Coffee and potatoes point the way for herring

"The herring has much to learn from potatoes and coffee when it comes to marketing and developing new products," says Audun Iversen, Research Scientist at the food research institute Nofima.

Contact person
Portrettbilde av Audun Iversen
Audun Iversen

Scientist
Phone: +47 900 40 615
audun.iversen@nofima.no

He has been studying other successful food products to see whether anything better can be done for the profitability of herring and mackerel.

Norway produces about a million tonnes a year of herring and mackerel, but the producers are left with little to show in terms of earnings per kilo of fish. A number of other food products have seen an upswing after their industries made a conscious decision to increase values. The Fishery and Aquaculture Industry Research Fund has therefore commissioned Nofima to investigate what these have done right that might be transferred to herring and mackerel.

"Our main focus is not to copy the successes of others, but to learn from them. If the herring and mackerel industry can devise new strategies that break through, there could be a lot of money involved," says Iversen, who has interviewed experts from the value chains for coffee, potatoes and chicken.

More varieties – focus on origin

People in Norway mainly eat herring as a sandwich topping, usually pickled herring bought in jars. A common denominator of all the successful producers in the study is that they have succeeded by extending their range – not necessarily their volume.

One way the coffee industry has done this is to focus on the product’s place of origin. Instead of selling "just coffee", they began to explain to customers that the coffee they were buying came from Brazil, Kenya, Mexico or India, and that this gave it unique flavour characteristics. They also took care to tell the story behind the product in an interesting way.

These coffee beans have not been processed any further, but they are sold in a wide range of different types and packs, at a higher price. When seeking to increase value creation, avoiding more expensive refinement and processing when extending the product range is an important consideration.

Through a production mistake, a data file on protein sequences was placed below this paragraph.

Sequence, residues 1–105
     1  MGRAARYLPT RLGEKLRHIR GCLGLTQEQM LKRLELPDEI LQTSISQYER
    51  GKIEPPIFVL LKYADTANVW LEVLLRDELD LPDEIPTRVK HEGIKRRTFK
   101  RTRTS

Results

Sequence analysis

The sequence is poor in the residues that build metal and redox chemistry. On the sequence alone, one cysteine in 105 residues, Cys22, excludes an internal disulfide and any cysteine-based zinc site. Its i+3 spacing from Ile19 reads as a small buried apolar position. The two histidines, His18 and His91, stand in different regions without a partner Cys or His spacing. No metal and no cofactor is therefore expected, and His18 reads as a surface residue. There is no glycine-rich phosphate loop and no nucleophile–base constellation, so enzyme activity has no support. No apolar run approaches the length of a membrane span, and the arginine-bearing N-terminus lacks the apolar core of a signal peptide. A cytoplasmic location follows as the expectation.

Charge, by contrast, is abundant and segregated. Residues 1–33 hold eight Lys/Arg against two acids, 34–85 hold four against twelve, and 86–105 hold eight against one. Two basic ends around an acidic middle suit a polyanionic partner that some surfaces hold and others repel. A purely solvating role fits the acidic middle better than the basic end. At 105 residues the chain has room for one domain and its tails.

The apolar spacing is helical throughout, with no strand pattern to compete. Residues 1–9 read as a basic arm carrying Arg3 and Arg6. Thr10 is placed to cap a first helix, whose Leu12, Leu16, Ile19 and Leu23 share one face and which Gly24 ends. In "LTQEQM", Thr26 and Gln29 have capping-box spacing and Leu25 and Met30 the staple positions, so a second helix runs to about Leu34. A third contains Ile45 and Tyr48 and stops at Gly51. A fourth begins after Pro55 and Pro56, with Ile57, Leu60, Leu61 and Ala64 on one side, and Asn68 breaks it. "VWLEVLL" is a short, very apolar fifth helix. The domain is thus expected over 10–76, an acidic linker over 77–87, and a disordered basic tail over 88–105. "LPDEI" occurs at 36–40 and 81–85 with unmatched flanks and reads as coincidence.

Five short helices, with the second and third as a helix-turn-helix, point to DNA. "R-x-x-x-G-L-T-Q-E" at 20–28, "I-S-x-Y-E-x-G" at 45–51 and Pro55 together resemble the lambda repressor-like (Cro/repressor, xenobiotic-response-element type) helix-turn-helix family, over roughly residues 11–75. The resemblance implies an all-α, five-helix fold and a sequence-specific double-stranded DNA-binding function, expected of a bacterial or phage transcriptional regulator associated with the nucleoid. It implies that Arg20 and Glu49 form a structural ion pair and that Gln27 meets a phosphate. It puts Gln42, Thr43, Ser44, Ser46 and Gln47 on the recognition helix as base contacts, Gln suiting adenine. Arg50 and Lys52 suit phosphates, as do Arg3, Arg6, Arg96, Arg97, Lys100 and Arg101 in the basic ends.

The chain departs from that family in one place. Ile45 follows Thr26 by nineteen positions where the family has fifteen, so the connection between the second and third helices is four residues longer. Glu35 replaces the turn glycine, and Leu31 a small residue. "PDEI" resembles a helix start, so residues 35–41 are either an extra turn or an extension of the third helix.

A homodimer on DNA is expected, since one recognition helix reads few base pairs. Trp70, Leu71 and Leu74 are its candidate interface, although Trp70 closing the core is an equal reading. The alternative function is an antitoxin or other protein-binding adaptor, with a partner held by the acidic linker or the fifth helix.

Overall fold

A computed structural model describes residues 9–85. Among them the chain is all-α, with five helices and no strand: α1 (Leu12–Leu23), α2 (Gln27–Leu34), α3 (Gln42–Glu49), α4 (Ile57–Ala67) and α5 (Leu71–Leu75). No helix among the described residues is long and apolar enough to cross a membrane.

Chicken has also seen explosive growth in recent years. In 1995 the basic choice was between grilled chicken, frozen marinaded chicken or whole frozen hens. Ten years later, you could buy chicken as a sandwich topping, sausages, breaded products, fresh tray-packed products and in semi-finished form. Over the same period, Norwegians went from eating 4 kilos of chicken a year to 16.

"This shows that a greater variety in the shops gets people to eat more. That is an important lesson for the Norwegian fishing industry to learn," says Iversen.

From boring to exciting

Herring and mackerel are not normally seen as the most exciting items on Norway’s supermarket shelves. The same was probably true of potatoes, until some of the potato producers got a grip on the situation. They managed to pull off the feat of doubling potato prices without increasing production and without doing anything to the product itself.

The trick was to teach consumers to use different types of potato for different purposes. You don’t just find Kerrs Pink and Beate in the shops these days. Today there are around 50 different potato varieties for sale during the course of the year, along with information about possible uses and tasting notes. The potato is still a seasonal product and the range varies a good deal with the seasons, but on average there are between 10 and 20 varieties in the shops all year.